Two Irishmen had been left to stay up all night with the corpse of a departed friend, says the Hutchinson News. About midnight they became hungry and thirsty, but could find nothing about the house to alleviate the pangs. Mike suggested to Pat that they step around to a nearby saloon before it closed. They did not want to leave the object of their watch, so after discussing the proprieties they decided it would be best to take the corpse with them. One on each side of the body they marched to the saloon, propped the corpse up to the bar in a natural position and called for the drinks. The barkeeper set out three glasses well filled and the two friends swallowed their portions with expressions of satisfaction Then, forgetting the corpse, they left the saloon and started back. The barkeeper saw the untasted glass before the remaining form, and said: “Come hurry and drink; I have to close.” No answer. Again he urged the silent customer to “drink up,” as the closing hour had arrived. Several times he repeated the call, getting madder each time, and finally he picked up an empty glass and threw it at the obstinately silent form, hitting the head and knocking it to the floor. Just then Mike and Pat, who had remembered their duty, rushed in. The barkeeper called loudly: “I want yez to witness, I did it in self-defense when he drew his knife!”

The Columbus [KS] Daily Advocate 3 April 1913: p. 2

Watches and wakes were noted for the copious amounts of alcohol consumed and subsequent riotous behavior. It is a wonder we don’t find more examples of corpses being dragged out to join the fun.

A CORPSE’S ORGIE

It Is Made to Join a Revel,

And Stands Propped Against a Stove-Pipe,

While the Gang Drinks to Its Health.

Ghastly Wake Held Over “Tubbe” Lutterby’s Body,

During Which the Watchers Get Into a Fight,

But Are Interrupted By the Arrival of Officers.

A Sacrilegious Affair That Has Stirred Up the West Side.

It Is Without a Parallel and Is the Sensation in the West End.

An orgie [sic] with a corpse.

A bacchanalian revel in which the body of a deceased boon companion is made to join while the revelers clink their beer glasses as the stiffened body of their late comrade, rigid and cold in death, stands propped up against a stove-pipe.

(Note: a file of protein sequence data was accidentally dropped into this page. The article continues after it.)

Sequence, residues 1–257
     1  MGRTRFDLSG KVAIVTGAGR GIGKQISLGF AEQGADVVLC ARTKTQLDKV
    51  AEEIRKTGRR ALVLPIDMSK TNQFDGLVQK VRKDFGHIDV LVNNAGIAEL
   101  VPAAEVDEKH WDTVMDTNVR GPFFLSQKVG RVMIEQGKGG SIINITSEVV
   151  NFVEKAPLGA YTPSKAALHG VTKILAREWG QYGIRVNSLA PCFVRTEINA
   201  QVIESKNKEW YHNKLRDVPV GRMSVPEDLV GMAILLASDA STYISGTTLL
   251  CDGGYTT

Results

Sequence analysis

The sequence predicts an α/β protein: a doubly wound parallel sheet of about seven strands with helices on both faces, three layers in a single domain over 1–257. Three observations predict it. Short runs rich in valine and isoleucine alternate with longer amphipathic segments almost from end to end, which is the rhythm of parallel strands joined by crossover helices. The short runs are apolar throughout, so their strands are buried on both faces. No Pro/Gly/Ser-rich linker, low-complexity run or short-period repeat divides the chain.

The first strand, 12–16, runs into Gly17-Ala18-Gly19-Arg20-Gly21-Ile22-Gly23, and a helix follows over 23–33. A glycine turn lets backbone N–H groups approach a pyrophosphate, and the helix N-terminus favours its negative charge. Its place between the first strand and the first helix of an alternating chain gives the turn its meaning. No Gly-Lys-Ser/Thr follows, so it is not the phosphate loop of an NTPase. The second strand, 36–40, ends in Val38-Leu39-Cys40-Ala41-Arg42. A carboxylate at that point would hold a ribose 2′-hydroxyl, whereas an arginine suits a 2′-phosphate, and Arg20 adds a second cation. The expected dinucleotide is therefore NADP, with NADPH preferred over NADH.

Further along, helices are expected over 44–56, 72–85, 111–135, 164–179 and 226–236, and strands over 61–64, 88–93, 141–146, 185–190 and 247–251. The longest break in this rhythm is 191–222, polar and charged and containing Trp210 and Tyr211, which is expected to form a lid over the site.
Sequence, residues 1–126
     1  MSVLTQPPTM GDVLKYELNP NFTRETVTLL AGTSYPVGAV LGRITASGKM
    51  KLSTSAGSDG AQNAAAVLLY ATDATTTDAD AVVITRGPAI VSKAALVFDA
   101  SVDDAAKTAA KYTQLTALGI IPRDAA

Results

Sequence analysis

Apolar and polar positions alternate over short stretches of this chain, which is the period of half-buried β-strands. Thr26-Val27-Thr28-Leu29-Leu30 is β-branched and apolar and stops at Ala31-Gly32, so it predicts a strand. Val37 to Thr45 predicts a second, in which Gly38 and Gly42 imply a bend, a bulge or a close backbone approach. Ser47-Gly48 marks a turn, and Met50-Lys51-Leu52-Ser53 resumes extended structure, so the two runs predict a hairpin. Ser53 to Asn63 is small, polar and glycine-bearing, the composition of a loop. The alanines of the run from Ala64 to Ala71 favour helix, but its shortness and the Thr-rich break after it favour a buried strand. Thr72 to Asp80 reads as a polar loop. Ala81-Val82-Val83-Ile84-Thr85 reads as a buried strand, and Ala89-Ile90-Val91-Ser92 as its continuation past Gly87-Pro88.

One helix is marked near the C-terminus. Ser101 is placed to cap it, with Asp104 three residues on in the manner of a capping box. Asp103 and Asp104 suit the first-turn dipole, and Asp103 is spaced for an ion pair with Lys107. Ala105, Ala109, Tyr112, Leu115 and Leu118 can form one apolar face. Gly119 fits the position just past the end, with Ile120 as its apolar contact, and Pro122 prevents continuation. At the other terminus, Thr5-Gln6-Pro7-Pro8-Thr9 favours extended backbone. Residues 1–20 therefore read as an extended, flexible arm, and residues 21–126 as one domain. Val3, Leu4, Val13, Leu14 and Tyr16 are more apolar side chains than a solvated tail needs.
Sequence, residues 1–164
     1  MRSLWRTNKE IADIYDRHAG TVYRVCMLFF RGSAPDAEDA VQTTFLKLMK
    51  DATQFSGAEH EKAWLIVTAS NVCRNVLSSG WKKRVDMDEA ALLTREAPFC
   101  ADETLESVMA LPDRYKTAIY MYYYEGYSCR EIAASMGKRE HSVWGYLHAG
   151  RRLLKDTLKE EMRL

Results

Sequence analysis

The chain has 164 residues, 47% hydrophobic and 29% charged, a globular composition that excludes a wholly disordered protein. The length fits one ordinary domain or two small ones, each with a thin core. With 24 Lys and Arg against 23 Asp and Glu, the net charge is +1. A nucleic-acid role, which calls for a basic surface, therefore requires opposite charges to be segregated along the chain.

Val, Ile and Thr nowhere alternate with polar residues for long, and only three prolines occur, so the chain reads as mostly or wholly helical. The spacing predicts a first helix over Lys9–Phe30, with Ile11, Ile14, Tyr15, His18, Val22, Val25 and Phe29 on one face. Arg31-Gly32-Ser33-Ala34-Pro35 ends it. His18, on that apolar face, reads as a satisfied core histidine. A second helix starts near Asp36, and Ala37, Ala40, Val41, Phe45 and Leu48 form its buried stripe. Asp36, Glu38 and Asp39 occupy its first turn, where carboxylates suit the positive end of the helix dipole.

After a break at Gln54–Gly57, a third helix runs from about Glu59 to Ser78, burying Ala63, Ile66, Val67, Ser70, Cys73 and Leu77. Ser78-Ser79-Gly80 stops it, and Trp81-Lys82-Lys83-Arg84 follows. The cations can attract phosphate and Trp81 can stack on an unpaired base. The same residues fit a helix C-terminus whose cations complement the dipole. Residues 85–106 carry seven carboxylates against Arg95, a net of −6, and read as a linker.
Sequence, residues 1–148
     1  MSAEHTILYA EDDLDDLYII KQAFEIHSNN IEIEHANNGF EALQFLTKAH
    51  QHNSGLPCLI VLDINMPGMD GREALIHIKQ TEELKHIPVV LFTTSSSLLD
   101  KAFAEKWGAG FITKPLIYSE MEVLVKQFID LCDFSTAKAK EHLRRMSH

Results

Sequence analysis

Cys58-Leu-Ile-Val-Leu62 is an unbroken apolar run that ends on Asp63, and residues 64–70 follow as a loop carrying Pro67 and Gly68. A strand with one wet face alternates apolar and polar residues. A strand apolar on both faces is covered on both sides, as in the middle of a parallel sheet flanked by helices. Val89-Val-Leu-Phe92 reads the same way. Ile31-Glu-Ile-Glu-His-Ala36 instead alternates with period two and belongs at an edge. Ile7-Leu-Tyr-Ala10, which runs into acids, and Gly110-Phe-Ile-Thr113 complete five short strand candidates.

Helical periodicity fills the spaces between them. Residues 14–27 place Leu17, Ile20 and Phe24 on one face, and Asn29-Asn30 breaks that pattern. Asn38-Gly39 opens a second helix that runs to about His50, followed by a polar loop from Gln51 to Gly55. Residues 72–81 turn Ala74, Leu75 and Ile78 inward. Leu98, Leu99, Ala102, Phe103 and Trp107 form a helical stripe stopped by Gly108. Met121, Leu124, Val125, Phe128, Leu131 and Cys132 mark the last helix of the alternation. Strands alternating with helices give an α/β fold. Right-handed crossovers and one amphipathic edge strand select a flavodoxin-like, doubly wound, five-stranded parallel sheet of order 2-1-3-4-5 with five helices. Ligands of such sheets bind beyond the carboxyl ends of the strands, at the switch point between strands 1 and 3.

Such is the stance of a scandalous and sacrilegious affair, information of which inadvertently leaked out and set the vicinity for squares about Frenchman’s Corner wild with excitement last Saturday evening.

A week from yesterday afternoon Herman Henry Lutterbey breathed his last, after a short season of quick consumption, in the second-story flat at the north-east corner of McLean and Harrison avenues, a place known as Frenchman’s Corner.

The deceased was known familiarly as “Tubbe,” and resided with his wife (?) He was a son of Rudolph Lutterbey, who is

A HEAVY STOCKHOLDER

In the Herancourt Brewing Company and is Superintendent of the concern and also a partner of Christian Muhlhauser in the malt business. Lutterbye, pere, is a wealthy man, and young Herman, probably for that reason, never established a Sunol [famous race horse] record as a devotee of industry. Instead of gaining a living by the sweat of his brow, the lines of his fate were cast in pleasant places, and he had a reputation of being a hail fellow well met, generous to a fault, and he has figured in many a “big time” with the friends he chose, and the chosen four of his intimacy were a lot of fellows who would never set the world on fire even if a sufficient supply of combustibles were at their command. Young Lutterbey’s life need not be further adverted to, for when the disease grasped him it found

A READY VICTIM.

For although a man of fine physique and apparent strength, a long stretch at the shrine of Bacchus had weakened him, and at 5 o’clock of a week from yesterday he died after a short illness.

A multitude of friends mourned the departure of a good fellow from their midst, and the widow (?), prostrated by grief, was sent earl in the evening to the residence of her father-in-law, 115 Harrison avenue, while several of the “Tubbe’s” best friends arranged to pass the night with the remains. Frank Schlerenbeck’s saloon is on the first floor, and the mourners (?) had carte blanche for refreshments. It appears that their sense of sincere grief was equated only by their craving sense of thirst, for they drank freely to drown their sorrow, and ere long their better judgment was drowned in the load of beer and whisky that went upstairs. As the fumes of liquor mounted to their brains and tears stole down their cheeks as they recounted the many virtues of “Tubbe,” and the sundry good times they had had together, it may have seemed that the corpse took on a semblance of life and was among them a living presence again, and

THE SOUNDS OF WEEPING

And wailing gave way to tipsy expressions of mirth and jollity, and a fanciful suggestion to take just one more drink with “Tubbe old boy” was readily acted upon.

Straightway to the coffin went to the watchers, and the corpse was tenderly lifted and stood upon the feet. The stove pipe furnished a convenient resting place, and against it the corpse was placed, while all hands again sought the table and its load of bottles.

About this time “Cookey’s” string band hove around the corner, but a proposition by one of the gang to invite the band upstairs for a dance was speedily vetoed by Mr. Schlerenbeck, and the ceremony proceeded with the disadvantage of no music to enliven the occasion. However, they seemed to have atoned for the lack of instrumental melody by a supplement of vocal harmony which was not attuned to suit the trained ear of Jacob Rasp, for when he remonstrated a crack in his entirely too critical auricular appendage cut the offended organ and sent him to rest on a sofa, while the noise of the carnival filtered out through the blinds and called Patrolman John Wams[illegible] and Merchants’ Policeman Lewis Pin[illegible] to the apartment. If those officers had not had the